It isn’t easy to spot planets far away in our galaxy – normally we can only infer their presence, from the effect they have on their host stars. But now a group of astronomers has demonstrated an easier way to study distant worlds, by detecting the first visible light reflected off an exoplanet.
The Philae probe landing on comet 67P/Churyumov–Gerasimenko on 12 November was awe-inspiring, but the main science phase of Rosetta is yet to come, said Dr Colin Snodgrass, the coordinator of the mission’s ground-based observation campaign and lead scientist on the EU-funded ISANDAL project, speaking from the European Southern Observatory in Chile.
The Large Hadron Collider (LHC), the world’s biggest particle smasher, will look for known unknowns such as dark matter, but also for so-called unknown unknowns that researchers have little idea about. That is according to Professor Fabiola Gianotti, the newly appointed Director-General of CERN, the European Organization for Nuclear Research, which helped identify the Higgs boson.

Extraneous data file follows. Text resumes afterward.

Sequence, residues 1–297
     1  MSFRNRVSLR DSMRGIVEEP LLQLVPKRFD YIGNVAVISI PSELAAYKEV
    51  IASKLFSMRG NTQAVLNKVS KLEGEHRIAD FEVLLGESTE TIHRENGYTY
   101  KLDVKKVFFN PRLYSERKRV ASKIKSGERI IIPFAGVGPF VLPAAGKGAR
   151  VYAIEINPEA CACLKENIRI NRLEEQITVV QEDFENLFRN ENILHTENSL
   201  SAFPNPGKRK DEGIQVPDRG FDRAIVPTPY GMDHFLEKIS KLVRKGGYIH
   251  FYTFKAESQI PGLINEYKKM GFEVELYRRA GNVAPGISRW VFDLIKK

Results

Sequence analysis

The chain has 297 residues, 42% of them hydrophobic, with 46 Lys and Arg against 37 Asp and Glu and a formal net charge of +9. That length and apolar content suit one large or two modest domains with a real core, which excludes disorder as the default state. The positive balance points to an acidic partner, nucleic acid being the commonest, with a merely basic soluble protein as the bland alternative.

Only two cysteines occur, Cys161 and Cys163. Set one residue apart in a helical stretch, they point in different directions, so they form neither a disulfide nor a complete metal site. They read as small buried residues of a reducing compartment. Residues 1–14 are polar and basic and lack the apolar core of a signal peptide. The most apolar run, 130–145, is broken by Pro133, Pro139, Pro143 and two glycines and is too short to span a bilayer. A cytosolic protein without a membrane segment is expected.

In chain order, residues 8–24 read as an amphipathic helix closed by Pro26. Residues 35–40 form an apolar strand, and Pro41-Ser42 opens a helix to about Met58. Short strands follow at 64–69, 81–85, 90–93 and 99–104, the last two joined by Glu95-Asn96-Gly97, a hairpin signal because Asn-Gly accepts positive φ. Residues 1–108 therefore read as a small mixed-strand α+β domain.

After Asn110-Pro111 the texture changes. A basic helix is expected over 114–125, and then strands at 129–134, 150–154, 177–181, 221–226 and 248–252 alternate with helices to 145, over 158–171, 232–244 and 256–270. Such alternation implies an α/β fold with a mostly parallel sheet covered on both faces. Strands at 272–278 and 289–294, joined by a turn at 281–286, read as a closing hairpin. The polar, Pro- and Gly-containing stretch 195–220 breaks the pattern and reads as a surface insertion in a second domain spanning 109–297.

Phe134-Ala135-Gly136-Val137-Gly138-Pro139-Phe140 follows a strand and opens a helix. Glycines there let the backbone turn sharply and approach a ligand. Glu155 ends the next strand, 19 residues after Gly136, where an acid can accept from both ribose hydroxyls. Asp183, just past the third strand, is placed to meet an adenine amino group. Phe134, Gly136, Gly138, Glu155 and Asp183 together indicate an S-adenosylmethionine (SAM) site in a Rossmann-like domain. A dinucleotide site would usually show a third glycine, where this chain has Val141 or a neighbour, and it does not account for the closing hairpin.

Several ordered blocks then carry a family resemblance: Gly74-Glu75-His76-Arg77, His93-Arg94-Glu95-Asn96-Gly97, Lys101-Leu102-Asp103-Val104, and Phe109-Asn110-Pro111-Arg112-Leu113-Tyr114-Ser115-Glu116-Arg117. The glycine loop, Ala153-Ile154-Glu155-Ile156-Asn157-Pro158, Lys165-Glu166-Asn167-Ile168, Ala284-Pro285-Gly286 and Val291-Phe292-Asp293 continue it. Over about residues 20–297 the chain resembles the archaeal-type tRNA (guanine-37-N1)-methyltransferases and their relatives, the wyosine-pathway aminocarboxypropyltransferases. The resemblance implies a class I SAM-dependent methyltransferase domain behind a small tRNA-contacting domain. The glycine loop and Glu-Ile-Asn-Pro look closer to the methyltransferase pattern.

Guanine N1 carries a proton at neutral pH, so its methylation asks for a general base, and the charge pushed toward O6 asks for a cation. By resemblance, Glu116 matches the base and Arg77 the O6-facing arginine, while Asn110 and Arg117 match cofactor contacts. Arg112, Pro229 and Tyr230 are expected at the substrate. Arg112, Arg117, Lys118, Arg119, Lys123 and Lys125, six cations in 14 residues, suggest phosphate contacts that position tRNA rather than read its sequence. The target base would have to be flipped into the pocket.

The planned Square Kilometre Array telescope, a radio telescope to span two continents, could be instrumental in finding intelligent alien civilisations within our lifetimes, according to Dr Seth Shostak, senior astronomer at the US-based Search for Extra Terrestrial Intelligence (SETI) Institute. Dr Shostak was a speaker at the EU's Innovation Convention in March 2014.
Complex and painful disease has been historically overlooked, researchers say.
Robin Garrity says that registration, identification and geofencing will increase security.
Chemical switches on DNA could explain how the environment may influence the traits we pass on, according to Prof. Thomas Carell.